Within a brief span of time the Armenian Congregational churches organized viable Christian Endeavor Societies, missionary committees, women?s and men?s clubs, fellowships, church schools, and other auxiliary groups. They participated in the benevolent efforts of Armenian relief, such as Armenian General Benevolent Union, the Near East Relief, the Wheat Relief Campaign, and other compatriotic organizations. [28] The Armenian Congregational churches also provided strong leadership in Armenian community affairs. Their spiritual and lay leaders, for instance, played a decisive role in the founding of the Knights of Vartan, a pan-Armenian brotherhood. They became the largest single group of contributors to one of the most influential magazines in the Armenian diaspora,Hayastan Gotchan. [29] The support of both the pastors and parishioners of the Armenian Evangelical constituency in the United States combined to make the Armenian General Benevolent Union the largest Armenian benevolent organization in the world.

Understandably, the attitude of the first generation of Armenian immigrants was one of ethnocentrism. Both internal and external forces tended to keep them united and reinforced in their distinctiveness. This attitude sought the assurance of their long-range stability.

The Second Generation

The native-born children of immigrants were able to follow a different road in reacting to their American environment. The new attitude of the American-born generation resulted from the common English language, uniform secular education in the public schools, uniform political institutions, and general economic and business relationships. In this way acculturation was effected principally in the fields of education, politics, economics, and religion. [30]

The offspring of Armenian immigrants, the generation that was born in the adopted country of their parents, went through a transitional period. Members of this generation had mixed feelings about their heritage, never being wholly certain whether it was best to disown it entirely or to seek some happy but seemingly elusive middle ground. It was this generation, for example, that changed the language policy of the Armenian Evangelical churches. Until the late 1940s the principal language of the Armenian Evangelical churches and the then existing two Unions was Armenian; English, the second language, was used predominantly by youth and its organizations. The first church to reverse its language policy was the Cilician Armenian Memorial Church of Watertown, Massachusetts, in 1949. [31] In this respect it became the pioneer of an experiment and by its success gave other Armenian Evangelical churches an example to follow.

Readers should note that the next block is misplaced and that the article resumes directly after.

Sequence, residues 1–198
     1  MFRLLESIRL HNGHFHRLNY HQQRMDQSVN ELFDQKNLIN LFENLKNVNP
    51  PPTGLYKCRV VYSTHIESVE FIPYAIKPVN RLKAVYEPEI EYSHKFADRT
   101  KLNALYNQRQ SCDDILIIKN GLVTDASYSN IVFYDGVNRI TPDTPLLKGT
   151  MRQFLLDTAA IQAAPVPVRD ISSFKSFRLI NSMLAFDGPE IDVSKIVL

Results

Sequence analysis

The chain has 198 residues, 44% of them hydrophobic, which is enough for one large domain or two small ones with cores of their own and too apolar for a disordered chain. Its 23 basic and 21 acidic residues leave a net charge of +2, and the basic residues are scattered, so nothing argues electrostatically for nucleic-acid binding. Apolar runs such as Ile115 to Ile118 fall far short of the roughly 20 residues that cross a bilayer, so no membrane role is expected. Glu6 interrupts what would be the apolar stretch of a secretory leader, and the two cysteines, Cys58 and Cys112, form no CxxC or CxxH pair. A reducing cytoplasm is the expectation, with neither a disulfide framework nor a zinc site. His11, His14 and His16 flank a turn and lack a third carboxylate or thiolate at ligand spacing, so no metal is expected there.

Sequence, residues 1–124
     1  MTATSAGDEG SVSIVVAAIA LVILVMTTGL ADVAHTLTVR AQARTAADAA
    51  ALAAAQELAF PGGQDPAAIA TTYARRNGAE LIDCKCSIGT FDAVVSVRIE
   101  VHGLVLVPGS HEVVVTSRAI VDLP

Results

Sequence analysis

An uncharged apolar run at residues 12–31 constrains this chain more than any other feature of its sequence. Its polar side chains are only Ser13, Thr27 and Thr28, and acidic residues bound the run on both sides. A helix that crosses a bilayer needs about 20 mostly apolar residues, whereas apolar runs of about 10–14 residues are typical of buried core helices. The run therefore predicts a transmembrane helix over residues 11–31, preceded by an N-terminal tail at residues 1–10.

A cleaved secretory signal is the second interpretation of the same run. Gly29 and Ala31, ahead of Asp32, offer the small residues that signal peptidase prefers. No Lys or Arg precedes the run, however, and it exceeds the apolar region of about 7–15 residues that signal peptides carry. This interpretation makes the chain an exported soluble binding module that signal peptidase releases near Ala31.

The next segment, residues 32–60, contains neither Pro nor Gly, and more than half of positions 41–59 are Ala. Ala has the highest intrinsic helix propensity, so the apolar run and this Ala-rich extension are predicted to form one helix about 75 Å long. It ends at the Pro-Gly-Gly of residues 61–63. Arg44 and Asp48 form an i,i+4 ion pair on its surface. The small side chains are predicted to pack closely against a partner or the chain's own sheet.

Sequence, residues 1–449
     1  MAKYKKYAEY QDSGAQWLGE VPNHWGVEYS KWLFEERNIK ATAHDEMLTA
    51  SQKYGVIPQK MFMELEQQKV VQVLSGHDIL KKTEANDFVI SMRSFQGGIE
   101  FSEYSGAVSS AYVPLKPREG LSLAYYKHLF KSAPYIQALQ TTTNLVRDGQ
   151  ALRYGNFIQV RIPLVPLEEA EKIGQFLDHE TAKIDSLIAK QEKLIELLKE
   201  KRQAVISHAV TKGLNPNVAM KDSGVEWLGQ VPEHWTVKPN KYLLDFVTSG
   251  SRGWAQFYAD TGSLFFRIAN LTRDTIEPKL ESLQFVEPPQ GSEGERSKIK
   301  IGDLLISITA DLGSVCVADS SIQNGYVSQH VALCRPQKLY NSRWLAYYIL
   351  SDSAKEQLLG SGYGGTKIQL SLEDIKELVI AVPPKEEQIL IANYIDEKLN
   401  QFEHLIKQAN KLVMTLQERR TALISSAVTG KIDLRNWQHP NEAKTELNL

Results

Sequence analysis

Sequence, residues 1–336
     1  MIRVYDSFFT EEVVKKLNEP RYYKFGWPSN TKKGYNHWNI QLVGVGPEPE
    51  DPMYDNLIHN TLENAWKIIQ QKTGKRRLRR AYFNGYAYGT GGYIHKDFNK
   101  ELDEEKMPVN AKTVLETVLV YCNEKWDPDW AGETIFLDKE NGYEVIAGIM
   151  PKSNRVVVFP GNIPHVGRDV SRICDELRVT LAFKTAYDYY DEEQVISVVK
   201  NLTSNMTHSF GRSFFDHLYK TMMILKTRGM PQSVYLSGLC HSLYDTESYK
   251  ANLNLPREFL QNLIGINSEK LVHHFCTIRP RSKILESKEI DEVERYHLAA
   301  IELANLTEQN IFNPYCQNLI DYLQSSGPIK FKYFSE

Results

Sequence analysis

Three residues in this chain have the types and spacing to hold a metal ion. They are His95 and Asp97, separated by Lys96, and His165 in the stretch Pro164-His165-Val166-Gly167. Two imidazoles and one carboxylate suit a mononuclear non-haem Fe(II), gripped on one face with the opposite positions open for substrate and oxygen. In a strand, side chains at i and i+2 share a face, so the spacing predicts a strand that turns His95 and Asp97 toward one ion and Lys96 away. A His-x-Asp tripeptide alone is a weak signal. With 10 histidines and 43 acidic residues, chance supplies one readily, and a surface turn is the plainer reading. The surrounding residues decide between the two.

The autonomy of individual Armenian Evangelical churches also opened the way to denationalization. For example, in some Armenian Evangelical circles in America a strong controversy existed from the mid-1950s to the early 1960s concerning the issue of ethnicity versus denationalization. Some ministers openly advocated the abandonment of unique Armenian characteristics of their churches in favor of community churches open to all nationalities. Others insisted that the raison d’?tre of an Armenian church is its unique character, that the abandonment of this Armenian character in Armenian Evangelical churches is a betrayal of Armenian history “written in the blood of countless martyrs.” [32] A few churches toyed with the idea of becoming community churches, of dropping the appellation “Armenian” from the church name, of abandoning their ethnic heritage, and of opening the church to the community at large in order to attract and recruit members from the local community. Some of these churches even employed non-Armenian ministers. But their experimentation proved to be counterproductive. Not only did they fail to attract any new members from the local communities, but they also lost some of the current members in protest against changes that reflected, in their view, an “unwise policy.” [33]

Armenian Missionary Association of America

One great source of pride and glory of Armenian Evangelicalism in general and of Armenian Congregational churches in America in particular is the Armenian Missionary Association of America (AMAA). Founded on June 7, 1918, in Worcester, Massachusetts, the AMAA was not only a compassionate attempt to help the Armenian remnant materially and morally, but also a prophetic voice that perhaps more than any other influence in the postwar years kept the embers alive. Sustained at first only by their zeal and fervor, the exiled Armenian Evangelicals mustered the courage to live on as a tiny community in the Middle Eastern countries. The AMAA provided guidance at a time when a great deal of uncertainty and confusion prevailed. A joint Outreach Committee was organized, composed of representatives of the AMAA and the American Board. This joint benevolent committee devised a plan to aid the needy and developing Armenian Evangelical churches and organizations in the Near East. Gradually, the American Board decreased its contribution and the AMAA increased its portion. [34]

Since its inception the AMAA has been not only the missionary arm of the Armenian Congregational churches in North America, but also the “golden chain” binding all Armenian Evangelicals throughout the world. It has drawn them together and has become a source of assistance embodying intense concern for all Armenians in need, always answering the call for help. As a nonprofit, nonpolitical missionary and philanthropic organization, the AMAA has supplied vision and material support as well as moral inspiration to Armenians everywhere. It has achieved an outstanding record of service in educational, cultural, physical, spiritual, and moral spheres—a service broader today than ever before—and has consistently contributed to a myriad of worthy causes. The AMAA has developed a missionary outreach in thirteen countries, serving underprivileged Armenians through numerous missionary projects, such as child education sponsorships, college and seminary scholarships, medical and general relief provisions, widespread missionary outreach and activities, encouragement of neophyte mission centers, financial aid to religious publications and meeting the needs of the destitute and forgotten.